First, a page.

There are many components to a successful car rebuild, but the most important component is the knowledge and education that will be required to put the whole thing together.

Deadly Mistakes You Don’t Want To Make When Buying An Engine

#1 – Ordering An Engine Without Checking If It’s Been Tested…

This consists of dyno testing, compression testing, oil pressure testing, and leak down.

#2 – Ordering An Engine Without Asking If It’s Got A Warranty…

The length of the warranty isn’t as big of an issue as making sure you at least have some type of warranty– even a thirty day. The reason for this is to make sure the engine runs properly after being dropped into your car.

#3 – Not Asking What Shipping Costs Will Be…

Just because you’ve been quoted a price, doesn’t mean that will be the total price. Most companies who sell engines will give you a quote that sounds great, but when actually making the purchase they will tack on another $150 – $400 or more.

#4 – Shipping To A Residential Address…

Shipping to a residential address will be a much higher shipping cost in almost all cases. Always ship your engine to a business address when possible.

#5 – Not Specifying If You Need A Long Block Or A Short Block Engine

Let me explain the difference between a long block and a short block engine so you understand why this is important.

Long Block – a long block engine is the actual block with cylinder heads, all accessories from old engine must be used unless otherwise approved by your ASE (Automotive Service Excellence) certified mechanic. All new and rebuilt engines may require you to use your existing accessories off your old engine (alternator, starter, oil pan, alternator, intake manifold, exhaust manifold, power steering pump, and the air conditioner compressor ) unless you negotiate otherwise during the purchase of your engine.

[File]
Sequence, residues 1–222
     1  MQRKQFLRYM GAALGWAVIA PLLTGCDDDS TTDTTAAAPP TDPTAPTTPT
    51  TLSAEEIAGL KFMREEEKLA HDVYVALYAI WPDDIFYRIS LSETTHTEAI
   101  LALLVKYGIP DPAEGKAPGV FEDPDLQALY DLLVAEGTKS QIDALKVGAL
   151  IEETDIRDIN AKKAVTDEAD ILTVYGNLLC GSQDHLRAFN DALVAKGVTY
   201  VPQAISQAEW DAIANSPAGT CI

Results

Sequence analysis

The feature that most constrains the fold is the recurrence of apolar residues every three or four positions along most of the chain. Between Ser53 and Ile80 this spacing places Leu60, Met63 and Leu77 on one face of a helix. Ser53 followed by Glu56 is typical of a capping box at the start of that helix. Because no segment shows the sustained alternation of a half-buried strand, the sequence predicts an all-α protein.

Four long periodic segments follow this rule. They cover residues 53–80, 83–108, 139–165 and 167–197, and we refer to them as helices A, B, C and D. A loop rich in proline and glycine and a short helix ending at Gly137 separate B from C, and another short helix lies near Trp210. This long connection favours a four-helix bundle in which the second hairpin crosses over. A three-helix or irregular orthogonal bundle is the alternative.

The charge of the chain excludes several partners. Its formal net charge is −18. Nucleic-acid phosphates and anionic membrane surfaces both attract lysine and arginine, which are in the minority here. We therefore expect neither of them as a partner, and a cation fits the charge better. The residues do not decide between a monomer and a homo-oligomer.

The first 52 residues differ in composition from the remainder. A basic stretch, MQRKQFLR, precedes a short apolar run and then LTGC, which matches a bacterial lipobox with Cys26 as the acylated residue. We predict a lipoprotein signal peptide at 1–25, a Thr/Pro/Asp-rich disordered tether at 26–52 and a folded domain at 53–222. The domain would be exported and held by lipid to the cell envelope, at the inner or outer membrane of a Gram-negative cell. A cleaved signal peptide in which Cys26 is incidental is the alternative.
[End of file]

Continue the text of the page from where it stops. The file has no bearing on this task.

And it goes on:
Short Block – a short block engine is part of the engine block located above the oil pan, but under the head gasket. A flathead engine will have the valvetrain and the cam included. The overhead valve engine will not include the parts mentioned above. A short block is in most cases ordered to ungrade the bore, piston, or water jacket. The assembly will usually include the crankshaft installed balanced along with the main bearing. A short block is no good when it warps or cracks.

#6 – Not Asking If There Is A Core Charge…

Don’t be surprised to be hit with a core charge when getting ready to place your order. This is another fee that is seldom brought up until you’re ready to place the order. Although this charge is refundable, it may surpass what you can afford. These charges can be $100 to $1,000 or more. The core usually requires the block and heads intact and there is to be no cracks on the blocks or heads.

#7 – Not Asking What The Estimated Arrival Date…

In some cases the company you purchase an engine from could be buying your engine from a different state. Not only can this cost more in shipping fees, but you may be waiting weeks before delivery. Always follow up to track your engine. If they tell you they can’t give you a tracking number but it’s on the way, be advised: this usually means the engine hasn’t been shipped at all.